Gloria Brame, Ph.D.

A Tux, A Tie & a Big Smile: Vintage Photo

Filed By Gloria Brame, Ph.D. | July 20, 2011 2:00 PM | comments

Filed in: Living, Transgender & Intersex
Tags: butch, drag kings, female to male, male drag, transgender history

A sweet private piece of transgender history, this vintage stereocard, probably ca. 1920s, possibly earlier. The tuxedo is awesome but did it come with breeches instead of pants, or was that a stylistic alteration? Love the joyful face! It must've been a great party.


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So, here's a question that is not meant to spark an angry debate (though it may). Is this a part of trans history, butch history, or both. I sometimes feel like we assign trans identity to people who may not have identified that way, and fail to assign it to others who do.

We don't know that it's either. Is someone dressing for an isolated performance or celebration necessarily trans? I would say no, if that's the extent of their cross gender expression and identification. Since we don't know who this person was, how can we make any assumptions about them? Gloria, IMO has a bad habit of labeling images transgender when they're even very much about gender policing (ie men being silly in drag). As a trans woman, I find that shortsighted and not terribly respectful of trans people.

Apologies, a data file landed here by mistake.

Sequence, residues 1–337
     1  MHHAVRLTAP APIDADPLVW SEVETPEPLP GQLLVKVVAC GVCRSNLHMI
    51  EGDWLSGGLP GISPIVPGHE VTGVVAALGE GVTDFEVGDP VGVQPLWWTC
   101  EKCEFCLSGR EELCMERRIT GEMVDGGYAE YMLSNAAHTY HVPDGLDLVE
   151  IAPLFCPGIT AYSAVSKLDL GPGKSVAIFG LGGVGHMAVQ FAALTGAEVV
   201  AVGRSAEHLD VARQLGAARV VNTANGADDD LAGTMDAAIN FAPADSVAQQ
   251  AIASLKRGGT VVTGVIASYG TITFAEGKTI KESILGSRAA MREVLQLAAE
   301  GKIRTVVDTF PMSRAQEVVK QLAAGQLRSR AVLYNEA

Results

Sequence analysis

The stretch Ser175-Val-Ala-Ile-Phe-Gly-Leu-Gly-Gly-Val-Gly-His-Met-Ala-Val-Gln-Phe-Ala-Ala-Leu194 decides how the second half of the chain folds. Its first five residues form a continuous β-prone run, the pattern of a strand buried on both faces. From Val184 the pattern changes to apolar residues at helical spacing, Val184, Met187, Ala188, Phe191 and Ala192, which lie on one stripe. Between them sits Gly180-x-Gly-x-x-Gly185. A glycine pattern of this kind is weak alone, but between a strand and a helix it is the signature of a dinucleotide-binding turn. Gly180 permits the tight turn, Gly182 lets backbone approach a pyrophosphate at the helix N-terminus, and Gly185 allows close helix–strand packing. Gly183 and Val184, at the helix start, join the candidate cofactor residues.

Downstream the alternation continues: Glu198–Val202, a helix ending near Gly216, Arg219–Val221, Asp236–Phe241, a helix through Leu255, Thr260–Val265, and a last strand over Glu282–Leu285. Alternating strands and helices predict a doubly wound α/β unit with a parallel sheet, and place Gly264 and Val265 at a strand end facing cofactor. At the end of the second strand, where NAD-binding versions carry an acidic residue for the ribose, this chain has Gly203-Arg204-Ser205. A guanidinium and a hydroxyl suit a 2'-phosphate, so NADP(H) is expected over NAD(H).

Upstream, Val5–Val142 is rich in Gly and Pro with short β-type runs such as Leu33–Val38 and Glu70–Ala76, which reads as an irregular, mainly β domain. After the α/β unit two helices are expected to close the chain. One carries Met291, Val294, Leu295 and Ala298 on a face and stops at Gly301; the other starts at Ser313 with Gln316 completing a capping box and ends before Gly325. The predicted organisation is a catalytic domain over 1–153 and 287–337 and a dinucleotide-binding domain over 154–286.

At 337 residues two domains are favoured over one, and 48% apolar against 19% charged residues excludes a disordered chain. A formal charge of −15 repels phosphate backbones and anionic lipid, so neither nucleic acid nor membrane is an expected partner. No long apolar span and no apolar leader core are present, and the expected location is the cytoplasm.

As to the intersection between butch and trans... I think that depends. There are lots of people who may not identify as transgender yet would come under 'the umbrella' if they're doing what's considered 'cross/non-trad gender expression as a way of life (ie someone who IDs as a gay man but comes off as extremely 'swishy.') But it's neither simple nor static. Much of what used to be considered 'butch wear' or butch hair is also worn by lots of hetero, non-butch identifying women and has lost much (not all) of its transgressiveness. It's very situational.